Interview with Mute Math

Mute Math
By Logan Lenz

(As published in Rag Magazine, 2007)

Don’t be ashamed if you have never heard of Mute Math; not a lot of people have. Slowly but surely, however, the band has begun turning heads and earning fans after their album debuted at 17 on Billboard’s “Top Heatseekers” chart. The band’s eclectic blend of musical genres has enabled the group to headline their own theater tour in the fall. Known for their vibrant and sometimes dangerous live performances, Mute Math only has room to grow. Paul Meany, the band’s founder and vocalist spoke exclusively with RAG Magazine on his band and their rapid rise to stardom.


In your own words, how would you describe Mute Math’s music?

Meany: I would describe it as good music. That’s the only kind that I was interested in making when we started. If there is a category that we would fall into, it would have to be that one.

What is the meaning behind the name Mute Math?

Meany: There is no meaning. It was our drummer’s email address. If it meant anything, it simply meant that we didn’t have to continue looking for a name, which we had arduously done for months and months.

How did you guys end up teaming up with an act such as Eisley for the current tour?

Meany: We met Eisley a while ago. They are a bunch of sweethearts that make sweet music. We played a Christmas party for Warner Bros and we were horrible. We just botched it! It was one of those shows where we finished and nobody would talk to us or even look at us. Eisley happened to be there and they were the only ones that came to talk to us. They pretty much nursed us back to health. We’ve been friends ever since.

Mute Math offer a myriad of different elements in their music. Did you guys set out to make something different and unique when you formed or is that something that just happened over time?

Meany: All we wanted to do was create something that we would be excited about. Mute Math really started out as a side project. We always just tried to keep everything simple, while trying to steer clear of any particular musical category.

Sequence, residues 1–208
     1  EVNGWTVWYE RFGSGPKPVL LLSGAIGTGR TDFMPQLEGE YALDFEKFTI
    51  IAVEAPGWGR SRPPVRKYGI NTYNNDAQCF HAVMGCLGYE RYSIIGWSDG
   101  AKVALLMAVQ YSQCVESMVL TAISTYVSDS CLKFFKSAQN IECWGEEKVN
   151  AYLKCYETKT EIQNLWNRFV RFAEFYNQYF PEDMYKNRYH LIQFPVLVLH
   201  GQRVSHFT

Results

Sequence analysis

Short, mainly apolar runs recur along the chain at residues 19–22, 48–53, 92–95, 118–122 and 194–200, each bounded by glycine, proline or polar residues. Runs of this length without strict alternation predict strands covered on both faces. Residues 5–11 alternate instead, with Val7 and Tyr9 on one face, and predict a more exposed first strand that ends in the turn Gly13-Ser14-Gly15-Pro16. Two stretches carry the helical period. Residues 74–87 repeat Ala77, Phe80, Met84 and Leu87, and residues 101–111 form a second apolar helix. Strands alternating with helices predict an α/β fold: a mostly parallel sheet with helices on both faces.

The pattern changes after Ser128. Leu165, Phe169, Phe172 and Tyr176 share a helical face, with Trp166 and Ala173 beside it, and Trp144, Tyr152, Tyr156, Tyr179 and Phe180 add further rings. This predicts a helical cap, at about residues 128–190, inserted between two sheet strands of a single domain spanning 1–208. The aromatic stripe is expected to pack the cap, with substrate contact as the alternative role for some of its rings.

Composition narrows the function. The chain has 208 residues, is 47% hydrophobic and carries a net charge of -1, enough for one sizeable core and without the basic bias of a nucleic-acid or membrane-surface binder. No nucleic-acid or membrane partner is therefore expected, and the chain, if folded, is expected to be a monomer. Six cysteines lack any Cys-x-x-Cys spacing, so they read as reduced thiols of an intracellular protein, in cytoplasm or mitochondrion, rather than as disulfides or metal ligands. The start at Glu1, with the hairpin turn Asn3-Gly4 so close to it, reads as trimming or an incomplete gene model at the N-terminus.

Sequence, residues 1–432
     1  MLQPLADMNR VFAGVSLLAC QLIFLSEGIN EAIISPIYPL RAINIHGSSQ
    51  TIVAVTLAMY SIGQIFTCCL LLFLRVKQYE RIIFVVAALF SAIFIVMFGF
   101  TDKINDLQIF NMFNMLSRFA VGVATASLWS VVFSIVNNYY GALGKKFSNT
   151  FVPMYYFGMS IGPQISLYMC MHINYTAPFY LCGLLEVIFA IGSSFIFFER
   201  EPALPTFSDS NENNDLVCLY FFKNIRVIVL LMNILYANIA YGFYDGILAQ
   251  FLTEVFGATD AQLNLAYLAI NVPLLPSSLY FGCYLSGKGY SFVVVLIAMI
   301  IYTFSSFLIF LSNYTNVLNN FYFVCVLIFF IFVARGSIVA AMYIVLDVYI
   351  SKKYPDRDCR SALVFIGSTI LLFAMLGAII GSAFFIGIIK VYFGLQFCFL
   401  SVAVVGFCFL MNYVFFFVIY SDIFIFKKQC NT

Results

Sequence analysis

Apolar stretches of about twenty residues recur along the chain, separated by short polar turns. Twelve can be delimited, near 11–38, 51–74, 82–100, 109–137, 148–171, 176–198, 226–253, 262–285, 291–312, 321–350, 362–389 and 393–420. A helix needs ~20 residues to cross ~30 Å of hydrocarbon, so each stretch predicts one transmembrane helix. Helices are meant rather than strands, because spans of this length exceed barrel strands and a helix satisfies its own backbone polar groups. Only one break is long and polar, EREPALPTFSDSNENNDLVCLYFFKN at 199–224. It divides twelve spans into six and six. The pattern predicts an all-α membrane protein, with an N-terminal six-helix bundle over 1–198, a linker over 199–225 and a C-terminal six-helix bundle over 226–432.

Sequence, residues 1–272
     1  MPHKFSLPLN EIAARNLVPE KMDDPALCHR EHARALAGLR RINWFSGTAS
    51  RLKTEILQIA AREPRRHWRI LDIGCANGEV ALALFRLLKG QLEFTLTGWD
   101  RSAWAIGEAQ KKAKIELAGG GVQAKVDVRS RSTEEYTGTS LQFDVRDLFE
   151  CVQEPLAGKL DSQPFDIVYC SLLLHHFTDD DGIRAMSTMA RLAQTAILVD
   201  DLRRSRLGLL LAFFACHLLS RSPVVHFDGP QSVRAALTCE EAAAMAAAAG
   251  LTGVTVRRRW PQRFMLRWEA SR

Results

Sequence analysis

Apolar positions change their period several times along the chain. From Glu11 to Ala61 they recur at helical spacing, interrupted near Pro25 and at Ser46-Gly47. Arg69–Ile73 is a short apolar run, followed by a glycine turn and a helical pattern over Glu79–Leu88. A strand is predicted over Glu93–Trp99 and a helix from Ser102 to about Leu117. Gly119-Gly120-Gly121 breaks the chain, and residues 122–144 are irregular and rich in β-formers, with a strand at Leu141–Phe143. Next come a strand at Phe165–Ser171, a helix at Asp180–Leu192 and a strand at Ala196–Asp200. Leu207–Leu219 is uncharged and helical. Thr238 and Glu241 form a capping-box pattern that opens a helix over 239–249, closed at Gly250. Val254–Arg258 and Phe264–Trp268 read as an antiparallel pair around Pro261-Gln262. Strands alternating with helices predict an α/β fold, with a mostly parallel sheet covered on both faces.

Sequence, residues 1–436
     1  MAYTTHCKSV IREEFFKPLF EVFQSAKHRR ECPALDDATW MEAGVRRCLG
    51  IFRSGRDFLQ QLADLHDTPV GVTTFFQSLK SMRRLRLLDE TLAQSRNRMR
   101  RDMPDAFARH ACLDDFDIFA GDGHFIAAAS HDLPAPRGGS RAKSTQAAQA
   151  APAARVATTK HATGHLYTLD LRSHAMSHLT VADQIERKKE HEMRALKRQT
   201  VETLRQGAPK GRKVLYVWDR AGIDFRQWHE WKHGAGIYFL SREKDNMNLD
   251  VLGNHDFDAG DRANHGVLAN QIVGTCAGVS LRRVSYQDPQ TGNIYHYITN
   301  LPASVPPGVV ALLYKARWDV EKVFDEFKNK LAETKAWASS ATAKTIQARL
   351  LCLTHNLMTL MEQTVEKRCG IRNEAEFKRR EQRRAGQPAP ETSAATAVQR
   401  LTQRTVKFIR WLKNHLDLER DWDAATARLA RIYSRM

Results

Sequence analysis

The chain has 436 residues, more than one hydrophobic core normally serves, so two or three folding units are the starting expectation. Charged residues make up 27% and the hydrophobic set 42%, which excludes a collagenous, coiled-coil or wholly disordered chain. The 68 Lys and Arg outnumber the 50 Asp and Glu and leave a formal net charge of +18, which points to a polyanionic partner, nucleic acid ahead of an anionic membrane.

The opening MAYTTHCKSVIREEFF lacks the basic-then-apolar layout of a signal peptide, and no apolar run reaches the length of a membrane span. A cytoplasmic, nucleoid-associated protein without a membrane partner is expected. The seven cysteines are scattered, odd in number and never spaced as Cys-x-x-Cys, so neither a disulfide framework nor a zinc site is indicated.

Who influences Mute Math’s music?

Meany: All of the greats: Barry Manilow, Celine Dion, Barbara Streisand, Michael Bolton ā€“ you can just go through the lineage.

What’s your favorite track off of the album?

Meany: It varies from day to day. Today, I’m in a “Stare at the Sun” mood.

You guys were very wise in your decision to release your albums independently through your own label Teleprompt Records. How did the partnership with Warner Bros actually work? Did they pursue you or is that something you planned on doing anyhow?

Meany: Honestly, we really didn’t know. Ted from Teleprompt had a lot of friends involved with the bigger labels. His dream was to have his own imprint label that would eventually upstream to Warner Bros. At the same time, Darren and I started making music together. That model was very attractive to us and it worked out rather well.

I hear you guys have been working on some material for a new album. What can you say about that and what can everyone expect?

Meany: Everyone can expect that it will be a better record than the first. We won’t release it if it’s not. We have been working with a lot of cryptic ideas during soundchecks and our occasional free time. From the few songs we have written, I am pretty exhilarated just thinking about the next record.

For anyone that did not witness it, explain how Mute Math became the first band to play backwards on television.

Meany: That would be a confusing statement to me too. We filmed the music video for the song “Typical” in reverse. It’s not an original idea by any means, but we did it as a performance. Everyone learned their parts backwards. It was a blast! Someone at Warner Bros recommended doing the same thing on live television. So, all we did was recreate our video on TV for Jimmy Kimmel’s show. It was extremely awkward and confusing for everyone in the audience, but when they aired it, they flipped it and the end result was a visual festival.

How did the Transformers gig come about? What was it like writing the theme song for such a blockbuster film?

Meany: Going back in time to an eight-year old Paul Meany, it was hoped that one day he would get to sing the Transformers theme song on its soundtrack. I was obsessed with Transformers. Warner Bros called us and told us they were doing the soundtrack. They didn’t have anybody doing the theme song and they asked us if we would be interested in taking a stab at it. Of course, we obliged. It was a real pleasure.

Is there one moment or period of major accomplishment that stands out to you?

Meany: There has been a few. Doing our first headlining tour was a big one. Just seeing people show up to watch you perform was a stellar collection of moments. Another one would have to be playing David Letterman. All of us have a huge respect for that show.

What about all of the new music out there? Are there any newer bands that stand out to you?

Meany: Shiny Toy Guns and The Cinematics – both great bands.

What is to come for the future of Mute Math?

Meany: All I see in the future is a lot of shows. Hopefully, we will be able to record our next record at some point early next year.

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